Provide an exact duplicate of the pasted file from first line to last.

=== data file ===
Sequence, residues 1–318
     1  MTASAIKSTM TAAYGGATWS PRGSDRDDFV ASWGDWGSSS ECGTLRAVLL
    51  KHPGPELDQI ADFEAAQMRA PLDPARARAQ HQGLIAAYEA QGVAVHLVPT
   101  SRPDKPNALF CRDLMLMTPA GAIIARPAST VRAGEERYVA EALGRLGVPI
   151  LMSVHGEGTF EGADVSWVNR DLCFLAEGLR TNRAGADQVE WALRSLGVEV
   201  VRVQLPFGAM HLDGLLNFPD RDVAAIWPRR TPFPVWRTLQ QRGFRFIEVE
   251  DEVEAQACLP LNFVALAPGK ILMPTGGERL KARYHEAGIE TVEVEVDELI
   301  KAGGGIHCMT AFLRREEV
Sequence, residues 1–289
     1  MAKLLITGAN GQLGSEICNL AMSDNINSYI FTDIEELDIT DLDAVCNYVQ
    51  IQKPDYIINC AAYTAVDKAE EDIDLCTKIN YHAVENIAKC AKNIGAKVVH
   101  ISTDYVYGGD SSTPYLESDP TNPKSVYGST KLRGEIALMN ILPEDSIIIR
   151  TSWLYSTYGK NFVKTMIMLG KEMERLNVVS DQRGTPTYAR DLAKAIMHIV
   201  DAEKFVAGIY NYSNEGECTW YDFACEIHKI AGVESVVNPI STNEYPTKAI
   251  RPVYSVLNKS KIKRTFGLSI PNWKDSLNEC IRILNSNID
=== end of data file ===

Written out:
Sequence, residues 1–318
     1  MTASAIKSTM TAAYGGATWS PRGSDRDDFV ASWGDWGSSS ECGTLRAVLL
    51  KHPGPELDQI ADFEAAQMRA PLDPARARAQ HQGLIAAYEA QGVAVHLVPT
   101  SRPDKPNALF CRDLMLMTPA GAIIARPAST VRAGEERYVA EALGRLGVPI
   151  LMSVHGEGTF EGADVSWVNR DLCFLAEGLR TNRAGADQVE WALRSLGVEV
   201  VRVQLPFGAM HLDGLLNFPD RDVAAIWPRR TPFPVWRTLQ QRGFRFIEVE
   251  DEVEAQACLP LNFVALAPGK ILMPTGGERL KARYHEAGIE TVEVEVDELI
   301  KAGGGIHCMT AFLRREEV
Sequence, residues 1–289
     1  MAKLLITGAN GQLGSEICNL AMSDNINSYI FTDIEELDIT DLDAVCNYVQ
    51  IQKPDYIINC AAYTAVDKAE EDIDLCTKIN YHAVENIAKC AKNIGAKVVH
   101  ISTDYVYGGD SSTPYLESDP TNPKSVYGST KLRGEIALMN ILPEDSIIIR
   151  TSWLYSTYGK NFVKTMIMLG KEMERLNVVS DQRGTPTYAR DLAKAIMHIV
   201  DAEKFVAGIY NYSNEGECTW YDFACEIHKI AGVESVVNPI STNEYPTKAI
   251  RPVYSVLNKS KIKRTFGLSI PNWKDSLNEC IRILNSNID